The URL tag specifies the URL you want crawlers to use. It's recommended only to list canonical versions of the links.

The URL is a required attribute in the protocol and is the parent tag for every tag mentioned next in this list (loc, lastmod, changefreq, priority).






The loc (aka location) is the last of the three mandatory attributes in a sitemap. This tag refers to the location of the URL.

Location tag URL must start with the protocol (i.e., HTTPS or HTTP), end with a trailing slash, and be less than 2,048 characters long.

Optional URL Elements

Lastmod is the URL's last modification date and must use W3C Datetime format.

Changefreq is the expected frequency of changes likely to happen to a page. Accepted values are always, hourly, daily, weekly, monthly, yearly, and never.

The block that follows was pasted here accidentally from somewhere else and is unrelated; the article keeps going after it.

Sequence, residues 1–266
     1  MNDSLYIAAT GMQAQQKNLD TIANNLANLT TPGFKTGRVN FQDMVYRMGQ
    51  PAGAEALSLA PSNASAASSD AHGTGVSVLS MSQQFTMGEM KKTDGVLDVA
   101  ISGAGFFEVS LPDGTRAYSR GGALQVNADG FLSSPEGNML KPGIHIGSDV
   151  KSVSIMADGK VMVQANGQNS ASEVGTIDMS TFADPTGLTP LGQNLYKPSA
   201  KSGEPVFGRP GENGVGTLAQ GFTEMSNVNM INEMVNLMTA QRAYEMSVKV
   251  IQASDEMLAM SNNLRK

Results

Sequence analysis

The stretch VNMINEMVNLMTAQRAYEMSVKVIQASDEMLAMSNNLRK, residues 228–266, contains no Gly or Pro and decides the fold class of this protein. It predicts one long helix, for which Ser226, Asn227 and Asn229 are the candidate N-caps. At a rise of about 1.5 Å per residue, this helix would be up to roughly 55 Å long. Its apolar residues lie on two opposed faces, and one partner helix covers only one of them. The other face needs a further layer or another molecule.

Priority values can be between 0.0 and 1.0, showing search engines how important a page is for the website owner.

Sitemap Index File Structure

An XML sitemap index must have the following elements:

  • XML header: informs the XML standard used and character encoding;
  • Sitemapindex: the element containing all the sitemaps in the file with the standard used, similar to what URLset represents in a single XML sitemap;
  • Sitemap: this tag contains the information from a single XML sitemap, like location and lastmod;
  • Loc: identifies the location of the XML sitemap;

Lastmod is an optional element of the XML sitemap index.

Also, it is important to mention that this file can only mention sitemaps on the same site as the sitemap index, so it won't be valid for subdomains.